Cruise Details

7-Night Alaska

Seattle Round-Trip

Ship: Norwegian Jewel

Prices starting from:

Pricing Info
Inside Oceanview Balcony Suite

$879

$126 per night

$1,069

$153 per night

$1,799

$257 per night

$1,879

$268 per night

Norwegian Jewel - Ship Review provided by Cruise Critic


Ship Review | Cruise Line Review

Overview

Editor's note: Norwegian Jewel was initially reviewed based on our experiences onboard a seven-night Western Caribbean cruise, which included Roatan, Grand Cayman, Ocho Rios and Great Stirrup Cay -- Norwegian's private island in the Bahamas. Norwegian Jewel also sails a seven-night Eastern Caribbean itinerary with stops in Antigua and St. Thomas, 7- and 12-night Mediterranean cruises, and a 12-night cruise that features the Greek Isles and Egypt.

In the summer, the ship is based in Europe, operating 12-day Baltic cruises out of Dover, England. When we re-reviewed the ship for this update, in summer 2008, it was cruising a Baltic voyage.


Gen-Xers pump iron and practice yoga alongside baby boomers wrapped in seaweed. Nearby, kids careen down a yellow water slide while their parents soak up the sun and tropical drinks. Seniors vie for shuffleboard titles and perfect their golf swings while tots explore the kids' club.

Welcome aboard the multi-faceted Norwegian Jewel.

Jewel launched in August 2005, and on it, Norwegian Cruise Line continues to refine the Freestyle Cruising concept that's become its corporate motto. Freestyle 2.0 was introduced across the fleet in spring 2008, with several enhancements to the menus, new beds throughout and service tweaks at all levels.

On Jewel, more than 2,300 passengers enjoy the freedom to dine where, when and with whom they wish. Casual is the operative word here, with formal night optional.

The Jewel is a floating test for land-based amenities and services like high-rent luxury villas, martini and Champagne bars, interconnecting family-friendly cabins, and an electronic restaurant reservations system. No doubt, Norwegian Jewel and its younger sisters, Norwegian Pearl and Norwegian Gem, are the closest you'll ever get to a land-based resort vacation -- at least in the big-ship marketplace.

Fully loaded with so many land-based bells and whistles, the Jewel is at its best at night with passengers dispersed among its numerous restaurants, lounges and entertainment venues. In an effort not to miss any of the eateries, lounges or countless activities, I found myself rushing about the ship and frequently checking my watch. It took a conscious effort for me to slow down, block out the hubbub, and simply enjoy the splendid Caribbean views from our cabin balcony.

On the longer Baltic cruises, there's more time to experiment with the 10 different restaurants and choose your favorites for repeat visits.

In the needs-improvement department, though, the ship can do even better handling the throngs. With more than 2,000 co-passengers, I fully expected waits. But I was not prepared to stand on the dock in Roatan -- for more than 30 minutes, alongside 75 other shore excursion guests -- waiting for one tardy couple. The tender process was long -- especially transferring from the dock in Roatan back to the Jewel. Adding another metal detector and a couple more local tenders would help, and not once during the cruise could I find an empty lounge chair poolside.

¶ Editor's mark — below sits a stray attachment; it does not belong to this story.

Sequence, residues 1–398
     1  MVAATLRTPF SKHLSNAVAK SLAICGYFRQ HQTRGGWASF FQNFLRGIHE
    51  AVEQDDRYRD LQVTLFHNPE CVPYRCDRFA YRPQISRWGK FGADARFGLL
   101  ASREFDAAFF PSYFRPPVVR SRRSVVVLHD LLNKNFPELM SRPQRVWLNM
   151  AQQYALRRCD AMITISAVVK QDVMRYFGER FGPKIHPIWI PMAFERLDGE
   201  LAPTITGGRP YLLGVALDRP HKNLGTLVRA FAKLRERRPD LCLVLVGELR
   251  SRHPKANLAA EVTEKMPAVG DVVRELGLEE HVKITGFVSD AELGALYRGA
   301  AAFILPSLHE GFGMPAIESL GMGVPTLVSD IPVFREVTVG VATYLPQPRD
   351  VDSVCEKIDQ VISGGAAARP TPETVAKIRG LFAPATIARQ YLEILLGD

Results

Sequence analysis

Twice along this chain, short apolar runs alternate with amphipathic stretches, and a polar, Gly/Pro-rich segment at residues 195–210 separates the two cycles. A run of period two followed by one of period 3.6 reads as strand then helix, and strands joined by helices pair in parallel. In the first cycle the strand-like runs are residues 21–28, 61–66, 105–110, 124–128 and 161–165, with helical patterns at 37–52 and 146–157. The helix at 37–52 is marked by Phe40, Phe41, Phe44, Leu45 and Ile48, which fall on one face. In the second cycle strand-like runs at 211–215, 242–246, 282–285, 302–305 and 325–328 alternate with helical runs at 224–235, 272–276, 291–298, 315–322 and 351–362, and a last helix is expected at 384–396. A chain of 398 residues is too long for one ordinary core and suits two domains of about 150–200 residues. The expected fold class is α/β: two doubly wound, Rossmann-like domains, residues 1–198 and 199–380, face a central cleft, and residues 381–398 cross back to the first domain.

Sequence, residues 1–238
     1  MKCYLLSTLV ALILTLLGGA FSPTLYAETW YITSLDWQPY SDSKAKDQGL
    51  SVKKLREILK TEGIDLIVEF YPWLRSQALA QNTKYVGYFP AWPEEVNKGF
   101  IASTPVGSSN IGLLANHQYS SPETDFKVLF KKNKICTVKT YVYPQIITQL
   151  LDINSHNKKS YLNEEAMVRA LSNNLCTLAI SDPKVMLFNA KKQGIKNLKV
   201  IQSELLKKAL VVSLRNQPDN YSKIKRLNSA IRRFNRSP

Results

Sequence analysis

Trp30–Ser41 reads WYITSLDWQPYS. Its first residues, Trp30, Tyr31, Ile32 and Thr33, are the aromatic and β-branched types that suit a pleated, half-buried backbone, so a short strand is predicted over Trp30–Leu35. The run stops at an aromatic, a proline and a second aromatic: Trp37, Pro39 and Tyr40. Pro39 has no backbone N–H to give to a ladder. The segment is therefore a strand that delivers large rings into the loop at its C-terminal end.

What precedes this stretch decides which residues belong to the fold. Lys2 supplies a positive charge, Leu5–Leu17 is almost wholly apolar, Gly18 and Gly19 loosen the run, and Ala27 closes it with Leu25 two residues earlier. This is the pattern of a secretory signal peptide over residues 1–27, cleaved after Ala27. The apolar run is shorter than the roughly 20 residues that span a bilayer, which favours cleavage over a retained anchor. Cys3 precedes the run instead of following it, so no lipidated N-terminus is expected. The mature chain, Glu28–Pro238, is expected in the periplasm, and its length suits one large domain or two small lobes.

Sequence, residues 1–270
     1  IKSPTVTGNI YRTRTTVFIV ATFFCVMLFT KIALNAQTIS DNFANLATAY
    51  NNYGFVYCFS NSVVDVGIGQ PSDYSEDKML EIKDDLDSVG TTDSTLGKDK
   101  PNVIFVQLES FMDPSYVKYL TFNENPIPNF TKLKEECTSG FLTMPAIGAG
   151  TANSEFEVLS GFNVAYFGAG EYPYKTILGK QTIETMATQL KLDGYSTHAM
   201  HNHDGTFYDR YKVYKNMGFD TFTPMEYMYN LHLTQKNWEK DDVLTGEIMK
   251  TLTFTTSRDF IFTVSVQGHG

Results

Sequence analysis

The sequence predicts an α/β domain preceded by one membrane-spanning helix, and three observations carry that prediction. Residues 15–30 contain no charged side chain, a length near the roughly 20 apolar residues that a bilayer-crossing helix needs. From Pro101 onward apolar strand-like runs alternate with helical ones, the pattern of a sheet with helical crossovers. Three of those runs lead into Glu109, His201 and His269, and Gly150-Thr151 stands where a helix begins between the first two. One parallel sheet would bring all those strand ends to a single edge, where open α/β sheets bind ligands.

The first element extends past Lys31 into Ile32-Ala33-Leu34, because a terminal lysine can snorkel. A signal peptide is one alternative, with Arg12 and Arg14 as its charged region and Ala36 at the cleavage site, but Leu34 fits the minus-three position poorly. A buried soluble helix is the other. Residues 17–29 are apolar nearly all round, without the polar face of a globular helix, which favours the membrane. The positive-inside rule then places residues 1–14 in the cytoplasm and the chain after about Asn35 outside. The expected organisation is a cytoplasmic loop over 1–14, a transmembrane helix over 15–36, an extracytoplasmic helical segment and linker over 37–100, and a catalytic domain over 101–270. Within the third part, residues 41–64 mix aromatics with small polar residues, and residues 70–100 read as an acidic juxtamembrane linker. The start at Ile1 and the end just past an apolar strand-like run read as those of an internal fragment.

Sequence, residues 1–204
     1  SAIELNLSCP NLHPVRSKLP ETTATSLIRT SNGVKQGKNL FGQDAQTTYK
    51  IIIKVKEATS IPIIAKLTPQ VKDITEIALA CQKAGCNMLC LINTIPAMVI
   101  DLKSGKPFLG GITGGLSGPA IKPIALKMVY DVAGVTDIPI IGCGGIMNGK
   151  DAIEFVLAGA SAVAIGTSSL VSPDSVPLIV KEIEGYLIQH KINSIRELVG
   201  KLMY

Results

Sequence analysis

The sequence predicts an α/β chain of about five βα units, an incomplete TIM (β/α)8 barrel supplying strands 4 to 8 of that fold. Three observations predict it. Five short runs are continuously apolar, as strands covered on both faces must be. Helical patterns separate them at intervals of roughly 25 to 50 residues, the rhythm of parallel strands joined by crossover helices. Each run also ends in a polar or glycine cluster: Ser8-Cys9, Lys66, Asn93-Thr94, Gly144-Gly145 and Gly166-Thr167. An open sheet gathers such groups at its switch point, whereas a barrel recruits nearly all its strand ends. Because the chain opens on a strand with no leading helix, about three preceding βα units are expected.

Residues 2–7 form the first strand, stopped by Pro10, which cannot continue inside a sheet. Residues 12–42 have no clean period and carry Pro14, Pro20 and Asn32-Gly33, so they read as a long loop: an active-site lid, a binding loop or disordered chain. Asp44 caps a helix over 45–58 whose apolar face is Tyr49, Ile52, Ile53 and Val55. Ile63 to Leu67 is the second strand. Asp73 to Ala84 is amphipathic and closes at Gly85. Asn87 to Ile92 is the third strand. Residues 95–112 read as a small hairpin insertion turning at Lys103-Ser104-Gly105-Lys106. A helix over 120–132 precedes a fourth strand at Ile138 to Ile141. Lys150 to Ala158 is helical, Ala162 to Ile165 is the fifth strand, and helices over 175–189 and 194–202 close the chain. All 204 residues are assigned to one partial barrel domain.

Excursion loading and unloading in the Baltic was more efficient, with no tender ports and staggered excursion times. However, there was too much deck chair hogging around the pool -- even in the weak summer sun of Northern Europe -- and spare loungers were a rare find.

Ultimately, there's much about the Jewel that sparkles -- most notably the dining options, amiable crew, appealing staterooms and impressive fitness center. Though numerous restaurants, an electronic reservation system and streamlined debarkation help with crowd control, there are times (muster drill, tenders and shore excursions), when you feel the presence of your fellow shipmates. Happily, there are quiet places to read a good book and enjoy the splendid views. Deck 7 offers outdoor seating when the pool deck is packed. The library is almost always empty, and Spinnaker Lounge is sunny and quiet by day. By dinner time, the spa empties out, and you can savor the sunset from a hot tub or chaise.

Dining

The Jewel's 10 dining venues offer open seating, flexible hours and excellent service. An electronic reservations system keeps things running smoothly -- we made reservations for the week at the reservations desk upon embarkation and never had to wait more than a few minutes to be seated. Reservations can also be made by phone. It's best to book early for the specialty restaurants, especially for large parties or for smaller venues like Teppanyaki. Cancellations after 5 p.m. incur a $5 fee.

Judging from the crowds at Teppanyaki and Le Bistro, passengers don't mind paying $10 to $25 in cover charges. A few venues -- Cagney's, Chin Chin and Le Bistro -- cut their cover charge in half between 5:30 p.m. and 6:30 p.m.